Lucy Nicholson | Reuters The Lyft Driver Hub is seen in Los Angeles, California.
Lyft shares hit a new 52-week low on Wednesday as the stock tumbled nearly 11% while investors expect its larger rival Uber to formally file to go public on Thursday. Lyft's drop also follows skepticism about the ride-hailing service's valuation from a top authority.
New York University professor Aswath Damodaran said Lyft should be traded closer to $59 per share with a valuation of $15 billion in an interview on CNBC's Fast Money Tuesday. That would wipe about $2.2 billion off its $17.2 billion valuation as of Wednesday and cut its share price by about $1. Wednesday's drop alone shaved about $2 billion from Lyft's market capitalization.
"The driver is a free agent. The customer is a free agent. There is absolutely no stickiness in the business, and they know it. That's the basic problem I have with the ride-sharing business not just Lyft," Damodaran said.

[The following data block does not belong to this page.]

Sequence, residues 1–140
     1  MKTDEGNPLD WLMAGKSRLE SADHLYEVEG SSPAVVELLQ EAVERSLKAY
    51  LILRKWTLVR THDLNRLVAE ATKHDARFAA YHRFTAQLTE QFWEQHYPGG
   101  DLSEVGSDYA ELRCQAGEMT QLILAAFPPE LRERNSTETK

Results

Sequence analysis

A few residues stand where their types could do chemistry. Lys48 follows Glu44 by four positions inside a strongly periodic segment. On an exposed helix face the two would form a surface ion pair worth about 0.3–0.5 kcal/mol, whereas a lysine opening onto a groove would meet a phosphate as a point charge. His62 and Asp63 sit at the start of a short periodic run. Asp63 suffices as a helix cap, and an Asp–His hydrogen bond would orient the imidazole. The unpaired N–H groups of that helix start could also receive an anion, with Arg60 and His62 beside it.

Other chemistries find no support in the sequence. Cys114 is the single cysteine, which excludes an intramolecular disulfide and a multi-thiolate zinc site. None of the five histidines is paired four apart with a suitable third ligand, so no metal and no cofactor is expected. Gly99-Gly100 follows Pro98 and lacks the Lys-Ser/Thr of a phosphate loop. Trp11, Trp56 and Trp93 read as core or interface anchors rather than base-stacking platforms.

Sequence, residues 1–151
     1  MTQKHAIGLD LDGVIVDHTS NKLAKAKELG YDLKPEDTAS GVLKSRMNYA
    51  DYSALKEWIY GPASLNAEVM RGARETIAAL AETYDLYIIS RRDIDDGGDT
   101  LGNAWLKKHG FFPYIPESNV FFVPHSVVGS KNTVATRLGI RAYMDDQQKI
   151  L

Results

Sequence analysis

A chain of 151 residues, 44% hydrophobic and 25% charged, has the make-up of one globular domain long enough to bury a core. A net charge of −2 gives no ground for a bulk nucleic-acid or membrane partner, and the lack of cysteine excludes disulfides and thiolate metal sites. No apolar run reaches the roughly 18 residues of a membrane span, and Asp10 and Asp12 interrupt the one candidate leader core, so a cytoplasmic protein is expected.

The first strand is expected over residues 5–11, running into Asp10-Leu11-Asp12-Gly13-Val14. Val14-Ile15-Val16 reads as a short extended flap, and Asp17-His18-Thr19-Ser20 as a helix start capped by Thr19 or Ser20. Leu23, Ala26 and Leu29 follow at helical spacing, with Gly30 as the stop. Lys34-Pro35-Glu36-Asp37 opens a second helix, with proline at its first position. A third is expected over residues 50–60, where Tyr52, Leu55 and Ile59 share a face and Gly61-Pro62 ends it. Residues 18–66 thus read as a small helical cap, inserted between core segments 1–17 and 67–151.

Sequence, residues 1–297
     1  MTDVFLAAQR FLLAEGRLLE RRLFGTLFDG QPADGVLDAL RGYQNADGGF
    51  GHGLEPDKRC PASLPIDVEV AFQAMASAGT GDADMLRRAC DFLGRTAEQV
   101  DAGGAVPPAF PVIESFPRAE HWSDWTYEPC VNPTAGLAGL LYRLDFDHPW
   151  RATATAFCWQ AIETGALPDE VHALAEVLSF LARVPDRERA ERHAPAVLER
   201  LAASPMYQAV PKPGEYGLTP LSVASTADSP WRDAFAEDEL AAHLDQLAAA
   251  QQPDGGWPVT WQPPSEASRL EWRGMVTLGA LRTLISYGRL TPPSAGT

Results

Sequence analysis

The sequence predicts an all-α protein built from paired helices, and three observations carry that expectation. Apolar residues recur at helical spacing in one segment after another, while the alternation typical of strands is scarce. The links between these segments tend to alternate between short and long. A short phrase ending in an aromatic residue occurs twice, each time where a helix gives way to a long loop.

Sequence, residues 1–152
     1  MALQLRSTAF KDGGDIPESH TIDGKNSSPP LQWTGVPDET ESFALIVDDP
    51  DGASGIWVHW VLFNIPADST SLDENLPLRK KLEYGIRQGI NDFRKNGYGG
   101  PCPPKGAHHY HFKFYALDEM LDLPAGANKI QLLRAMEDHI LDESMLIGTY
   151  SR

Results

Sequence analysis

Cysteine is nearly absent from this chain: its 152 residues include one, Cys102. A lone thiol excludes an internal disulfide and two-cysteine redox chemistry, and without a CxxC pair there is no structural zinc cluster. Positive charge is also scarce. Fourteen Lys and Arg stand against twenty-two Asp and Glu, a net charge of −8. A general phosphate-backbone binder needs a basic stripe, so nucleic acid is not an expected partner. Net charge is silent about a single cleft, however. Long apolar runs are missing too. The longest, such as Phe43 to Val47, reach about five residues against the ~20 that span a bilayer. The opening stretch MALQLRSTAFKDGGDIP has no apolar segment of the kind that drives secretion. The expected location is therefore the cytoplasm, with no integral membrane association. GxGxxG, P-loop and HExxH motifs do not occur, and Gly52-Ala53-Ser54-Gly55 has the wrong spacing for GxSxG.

Damodaran's criticism of ride-hailing extended to Uber as well, but the company's valuation is expected to dwarf Lyft's, with Reuters reporting it will seek between $90 billion and $100 billion.
CNBC confirmed that Uber expects to make public its IPO registration on Thursday and plans to sell about $10 billion worth of stock, making it one of the largest-ever tech IPOs.
Lyft has had a tough go during its first couple weeks on the public market. The stock's IPO price was $72, but now stands at $60.12, down more than 14 percent in one week.
-CNBC's Leslie Picker contributed to this report.
Correction: This story has been updated to reflect that Wednesday marked a new 52-week low for Lyft.